lol - simplicity so the n00b can follow the small change; I was there (and, in many respects, I'm still there).   I didn't catch the semicolon - it takes a qualified trained eye.  After solving the OP's issue, I'd like to learn what you meant by
Quote
... get a distance and return it so it couldn't be declared void.
I'll have to look it up; I assume it is similar to:

Private Function (ByVal a As Integer)

....
Return X

End Function

Seaviator

oh I think I understand my mistake now. As a note the ; after the else statement was put there in an attempt to get it to compile and so was the extra loop. I have taken a couple of those free online courses for C++ and I think I've got most of the syntax in concept but I'm having trouble using the code to interact with the arduino and more then one other module chip, in other words getting the different inputs and outputs to interact with eachother. If anyone has a good resourse for learning this stuff that would be awesome!

That being said the error that led to me add all that random junk I put in there was that I didn't add an amount of time that the buzzer should be active for. Thanks for pointing that out Delta_G! you all have been a big help!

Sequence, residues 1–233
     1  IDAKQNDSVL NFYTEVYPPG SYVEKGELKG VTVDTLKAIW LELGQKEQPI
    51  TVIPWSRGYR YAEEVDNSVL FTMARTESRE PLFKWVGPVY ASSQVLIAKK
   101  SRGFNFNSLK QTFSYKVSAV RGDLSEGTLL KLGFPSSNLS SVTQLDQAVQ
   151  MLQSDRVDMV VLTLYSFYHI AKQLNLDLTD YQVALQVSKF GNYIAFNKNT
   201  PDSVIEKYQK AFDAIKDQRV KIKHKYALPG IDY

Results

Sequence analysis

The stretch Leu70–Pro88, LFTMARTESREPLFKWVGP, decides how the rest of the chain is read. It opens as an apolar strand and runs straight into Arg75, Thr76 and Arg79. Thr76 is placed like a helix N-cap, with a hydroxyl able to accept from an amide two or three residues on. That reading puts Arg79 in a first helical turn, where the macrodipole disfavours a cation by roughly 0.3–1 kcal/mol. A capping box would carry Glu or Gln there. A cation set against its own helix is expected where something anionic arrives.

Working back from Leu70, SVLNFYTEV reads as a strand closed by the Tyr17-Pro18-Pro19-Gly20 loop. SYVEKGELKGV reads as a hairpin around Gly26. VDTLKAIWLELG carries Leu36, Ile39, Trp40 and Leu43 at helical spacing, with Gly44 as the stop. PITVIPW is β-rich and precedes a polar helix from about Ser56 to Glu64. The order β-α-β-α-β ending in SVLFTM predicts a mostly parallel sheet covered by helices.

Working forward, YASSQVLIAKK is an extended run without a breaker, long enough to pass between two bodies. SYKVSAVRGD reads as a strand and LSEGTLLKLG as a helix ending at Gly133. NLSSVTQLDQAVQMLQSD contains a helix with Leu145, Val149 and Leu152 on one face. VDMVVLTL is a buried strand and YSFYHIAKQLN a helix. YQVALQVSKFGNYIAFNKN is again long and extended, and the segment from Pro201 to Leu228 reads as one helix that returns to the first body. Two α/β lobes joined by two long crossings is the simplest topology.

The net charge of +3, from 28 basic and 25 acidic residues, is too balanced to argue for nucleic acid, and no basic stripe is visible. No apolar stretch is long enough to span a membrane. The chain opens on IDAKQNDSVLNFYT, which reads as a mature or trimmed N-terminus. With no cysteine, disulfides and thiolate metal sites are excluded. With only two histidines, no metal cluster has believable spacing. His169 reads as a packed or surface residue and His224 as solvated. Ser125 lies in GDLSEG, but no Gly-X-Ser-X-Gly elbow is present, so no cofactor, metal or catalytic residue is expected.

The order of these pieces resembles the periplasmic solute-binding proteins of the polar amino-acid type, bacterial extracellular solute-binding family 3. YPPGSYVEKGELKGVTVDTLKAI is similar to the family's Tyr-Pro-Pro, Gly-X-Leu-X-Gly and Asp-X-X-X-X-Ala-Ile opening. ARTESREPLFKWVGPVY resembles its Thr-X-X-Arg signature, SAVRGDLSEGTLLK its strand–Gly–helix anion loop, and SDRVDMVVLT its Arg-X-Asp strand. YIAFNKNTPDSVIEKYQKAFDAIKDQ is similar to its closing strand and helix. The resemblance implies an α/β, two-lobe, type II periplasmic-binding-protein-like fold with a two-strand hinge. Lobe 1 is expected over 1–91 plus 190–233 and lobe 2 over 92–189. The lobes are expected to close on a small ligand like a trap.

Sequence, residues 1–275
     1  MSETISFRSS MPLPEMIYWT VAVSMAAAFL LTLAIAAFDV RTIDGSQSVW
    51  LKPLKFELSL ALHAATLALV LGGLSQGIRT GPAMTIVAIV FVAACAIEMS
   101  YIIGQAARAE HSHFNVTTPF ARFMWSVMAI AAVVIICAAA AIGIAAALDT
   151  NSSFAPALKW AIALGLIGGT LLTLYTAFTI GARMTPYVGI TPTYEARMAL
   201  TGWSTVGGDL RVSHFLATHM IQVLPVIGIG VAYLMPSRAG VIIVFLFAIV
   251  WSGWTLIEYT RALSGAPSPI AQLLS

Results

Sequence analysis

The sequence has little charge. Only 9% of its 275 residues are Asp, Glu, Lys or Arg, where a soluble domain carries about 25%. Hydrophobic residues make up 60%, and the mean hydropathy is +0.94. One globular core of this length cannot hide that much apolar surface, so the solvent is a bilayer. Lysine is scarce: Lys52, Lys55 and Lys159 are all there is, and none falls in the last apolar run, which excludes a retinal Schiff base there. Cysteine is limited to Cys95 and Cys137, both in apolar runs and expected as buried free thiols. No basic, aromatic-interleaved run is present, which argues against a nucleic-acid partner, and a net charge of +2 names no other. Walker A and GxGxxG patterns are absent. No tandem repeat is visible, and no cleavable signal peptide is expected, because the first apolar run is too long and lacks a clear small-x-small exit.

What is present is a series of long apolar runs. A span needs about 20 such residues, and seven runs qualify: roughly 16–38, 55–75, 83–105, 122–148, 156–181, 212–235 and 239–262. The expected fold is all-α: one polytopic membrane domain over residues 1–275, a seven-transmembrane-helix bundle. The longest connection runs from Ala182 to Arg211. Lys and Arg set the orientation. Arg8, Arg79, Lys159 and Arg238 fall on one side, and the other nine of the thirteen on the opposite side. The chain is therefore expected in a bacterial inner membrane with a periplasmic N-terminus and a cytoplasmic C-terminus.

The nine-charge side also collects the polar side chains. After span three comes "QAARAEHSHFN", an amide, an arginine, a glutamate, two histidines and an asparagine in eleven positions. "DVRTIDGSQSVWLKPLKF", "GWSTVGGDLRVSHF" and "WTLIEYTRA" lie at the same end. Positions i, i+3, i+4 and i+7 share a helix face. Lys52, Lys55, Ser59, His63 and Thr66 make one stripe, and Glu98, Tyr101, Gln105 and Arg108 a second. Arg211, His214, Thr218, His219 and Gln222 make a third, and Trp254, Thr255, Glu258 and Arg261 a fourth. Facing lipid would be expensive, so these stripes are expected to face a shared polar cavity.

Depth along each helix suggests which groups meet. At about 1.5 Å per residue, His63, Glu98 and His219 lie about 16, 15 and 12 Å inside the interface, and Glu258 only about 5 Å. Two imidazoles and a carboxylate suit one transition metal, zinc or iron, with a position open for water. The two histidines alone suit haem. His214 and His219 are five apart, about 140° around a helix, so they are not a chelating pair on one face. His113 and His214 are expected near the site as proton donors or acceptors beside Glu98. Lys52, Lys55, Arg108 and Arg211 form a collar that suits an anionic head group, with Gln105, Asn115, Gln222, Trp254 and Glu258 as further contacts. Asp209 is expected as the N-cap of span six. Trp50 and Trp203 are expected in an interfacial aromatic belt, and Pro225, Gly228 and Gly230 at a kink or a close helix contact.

Delta_G

#8
Feb 10, 2018, 03:22 am Last Edit: Feb 10, 2018, 03:22 am by Delta_G
@JMeller

I might write a function that returns a long in this code called getDistance.  But it would look like this:

Code: [Select]


long getDistance(){

     return sr04.Distance();
}


I might write a function that returns nothing in this code that does something about the distance.

Code: [Select]


void doSomethingAbout(long aDistance){

    if(aDistance < 30){
         digitalWrite(5, HIGH);
    }
    else {
         digitalWrite(5, LOW);
    }
}
         




Then your loop could just be:

Code: [Select]

void loop(){
   long dist = getDistance();
   doSomethingAbout(dist);
   delay(1000);
}


Or since I don't need dist anywhere else here I could make it shorter and just do:

Code: [Select]


void loop(){
   doSomethingAbout(getDistance());
   delay(1000);
}

|| | ||| | || | ||  ~Woodstock

JMeller

Thank you Delta_G for the detailed explanation: +1